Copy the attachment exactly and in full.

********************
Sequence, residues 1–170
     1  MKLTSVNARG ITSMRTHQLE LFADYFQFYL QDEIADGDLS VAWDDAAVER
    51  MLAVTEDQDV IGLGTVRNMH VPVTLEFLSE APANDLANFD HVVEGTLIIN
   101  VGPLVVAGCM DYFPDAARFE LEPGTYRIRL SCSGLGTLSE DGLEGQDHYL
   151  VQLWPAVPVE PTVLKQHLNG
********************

Sequence, residues 1–170
     1  MKLTSVNARG ITSMRTHQLE LFADYFQFYL QDEIADGDLS VAWDDAAVER
    51  MLAVTEDQDV IGLGTVRNMH VPVTLEFLSE APANDLANFD HVVEGTLIIN
   101  VGPLVVAGCM DYFPDAARFE LEPGTYRIRL SCSGLGTLSE DGLEGQDHYL
   151  VQLWPAVPVE PTVLKQHLNG